Saturday, January 20, 2007

Nemesis: the streamlined demon





My favourite comic strip of the 1980s is without a doubt the 2000AD series Nemesis the Warlock. Specifically the material illustrated by Kevin O'Neill. Now those early stories, including all of Kevin's work plus the sagas drawn by Jesus Redondo and Bryan Talbot's first Nemesis series have been collected in a telephone-directory sized softback from Rebellion, The Complete Nemesis the Warlock Volume 1. Within its lime and black covers, the reproduction of the strips is superb, with none of the jagged pixelation of the finer lines which sometimes mars reprint books of this type.

Nemesis the Warlock was a development of ideas first seen in the one-off strip Terror Tube, and its follow-up Killer Watt. Terror Tube was a huge success, Killer Watt less so, but Kevin O'Neill and writer Pat Mills stuck to their guns and the series that followed won over the majority of readers. That said, some of the more conventional readers must have felt uneasy about the concept of the strip (some editors at IPC certainly didn't approve): the hero (Nemesis) is a demon who fights against an Earth-dominated galactic empire run by Torquemada and his religious zealots intent on wiping out all non-human life. Yes, in this strip, the humans are the villains and religion is evil, thus turning the usual "morality" of British comics on its head.

Highly praised for his anti-war strip Charley's War (in Battle comic) Pat Mills was known as a writer who'd go for the jugular in any subject that stirred his passions. In Nemesis Pat's target was oppressive religion. In the foreword to the book, Pat says "Torquemada was based on a monk at my school who rejoiced in the dubious title 'Prefect of Discipline'." A monk who enjoyed thrashing boys. In his afterword to the book, Kevin O'Neill says "As we shared a similar warped vision - and Catholic background - the world of Torquemada grew and grew. (Perhaps the ultimate compliment was his slogan "Be Pure! Be Vigilant! Behave!" painted on the Berlin Wall back in the 80s.)"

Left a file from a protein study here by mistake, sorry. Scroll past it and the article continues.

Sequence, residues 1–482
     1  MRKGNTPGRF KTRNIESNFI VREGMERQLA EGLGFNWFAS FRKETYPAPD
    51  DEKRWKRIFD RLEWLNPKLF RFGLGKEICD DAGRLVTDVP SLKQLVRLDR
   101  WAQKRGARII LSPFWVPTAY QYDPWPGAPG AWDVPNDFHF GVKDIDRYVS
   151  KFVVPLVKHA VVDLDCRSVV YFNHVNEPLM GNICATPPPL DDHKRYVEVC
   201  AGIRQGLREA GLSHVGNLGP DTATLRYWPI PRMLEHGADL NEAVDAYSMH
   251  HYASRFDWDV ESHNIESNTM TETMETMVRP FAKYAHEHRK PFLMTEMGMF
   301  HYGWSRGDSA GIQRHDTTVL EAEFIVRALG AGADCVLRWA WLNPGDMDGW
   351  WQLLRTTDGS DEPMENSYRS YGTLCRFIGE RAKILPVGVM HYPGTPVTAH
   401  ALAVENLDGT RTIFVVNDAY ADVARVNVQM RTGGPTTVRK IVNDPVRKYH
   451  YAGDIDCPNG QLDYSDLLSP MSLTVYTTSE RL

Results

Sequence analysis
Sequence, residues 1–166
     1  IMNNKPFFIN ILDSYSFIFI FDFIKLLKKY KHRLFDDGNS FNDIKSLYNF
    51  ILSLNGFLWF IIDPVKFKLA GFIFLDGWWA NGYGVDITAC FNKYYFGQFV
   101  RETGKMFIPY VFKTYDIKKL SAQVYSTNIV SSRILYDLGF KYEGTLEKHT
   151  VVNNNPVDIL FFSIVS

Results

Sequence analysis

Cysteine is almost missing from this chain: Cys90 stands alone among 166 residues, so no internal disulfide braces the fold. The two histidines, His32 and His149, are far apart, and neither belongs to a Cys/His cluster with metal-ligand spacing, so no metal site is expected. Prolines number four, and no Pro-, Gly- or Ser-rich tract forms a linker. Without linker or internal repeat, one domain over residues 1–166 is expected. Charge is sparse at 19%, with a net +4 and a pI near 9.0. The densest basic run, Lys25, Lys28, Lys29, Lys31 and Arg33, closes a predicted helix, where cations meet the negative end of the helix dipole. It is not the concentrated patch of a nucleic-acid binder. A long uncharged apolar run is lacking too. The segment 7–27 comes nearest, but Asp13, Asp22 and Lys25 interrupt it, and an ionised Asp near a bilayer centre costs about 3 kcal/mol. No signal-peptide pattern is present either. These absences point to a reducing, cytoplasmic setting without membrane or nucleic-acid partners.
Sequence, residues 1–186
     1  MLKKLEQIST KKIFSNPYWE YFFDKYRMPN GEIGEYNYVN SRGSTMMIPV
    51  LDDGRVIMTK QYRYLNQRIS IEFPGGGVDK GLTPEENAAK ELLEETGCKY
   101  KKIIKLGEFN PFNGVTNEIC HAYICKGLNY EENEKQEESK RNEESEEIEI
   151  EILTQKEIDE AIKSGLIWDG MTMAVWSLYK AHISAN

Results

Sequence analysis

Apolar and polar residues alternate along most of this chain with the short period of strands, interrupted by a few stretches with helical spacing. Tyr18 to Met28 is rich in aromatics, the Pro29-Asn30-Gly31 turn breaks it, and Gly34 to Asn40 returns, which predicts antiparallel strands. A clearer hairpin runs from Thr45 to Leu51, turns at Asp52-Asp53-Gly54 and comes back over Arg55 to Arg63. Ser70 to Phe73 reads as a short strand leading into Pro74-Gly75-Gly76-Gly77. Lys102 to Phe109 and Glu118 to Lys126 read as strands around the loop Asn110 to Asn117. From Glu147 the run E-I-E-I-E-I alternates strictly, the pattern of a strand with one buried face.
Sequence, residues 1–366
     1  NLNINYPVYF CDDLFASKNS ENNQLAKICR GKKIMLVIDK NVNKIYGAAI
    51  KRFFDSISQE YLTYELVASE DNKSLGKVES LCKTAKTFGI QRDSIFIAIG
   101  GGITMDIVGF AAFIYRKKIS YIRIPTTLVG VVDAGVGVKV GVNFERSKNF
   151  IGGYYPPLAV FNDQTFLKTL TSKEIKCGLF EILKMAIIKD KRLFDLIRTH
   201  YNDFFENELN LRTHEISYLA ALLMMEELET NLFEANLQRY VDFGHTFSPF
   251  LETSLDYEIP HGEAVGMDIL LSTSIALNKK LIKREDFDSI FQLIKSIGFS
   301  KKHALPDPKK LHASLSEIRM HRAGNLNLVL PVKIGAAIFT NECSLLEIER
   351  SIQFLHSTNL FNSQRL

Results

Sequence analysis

That said, under Mills and O'Neill, Nemesis never became too downbeat. Kevin's ability to illustrate black comedy, adding grotesquely amusing detail and background gags to his pages ascended his work to equal the best comic-horror work of Ken Reid.

Years later, when working for DC Comics, Kevin would bizarrely become the only artist to have his entire style banned by the Comics Code Authority, thus preventing him from drawing any comics carrying the CCA seal! Not that O'Neill had drawn anything remotely offensive to most eyes, (no gore, no nudity, etc) but it seemed that the CCA felt Americans couldn't handle such an art style that was so far removed from what they were used to. (Even though Kevin's work had been enjoyed by several hundred thousand kids in the UK!)

Working for comics outside of the archaic (and nowadays mostly ignored CCA) O'Neill is now the highly acclaimed artist of The League of Extraordinary Gentlemen with writer Alan Moore. However those early Nemesis strips remain respected classics and, with their miscellany of dark humour, rebelliousness, satire and social comment the Mills and O'Neill version has all the ingredients of the best of British comics.

The Complete Nemesis the Warlock Volume 1 (rrp £13.99) is available from comic shops, bookshops, and online shops such as Amazon.co.uk

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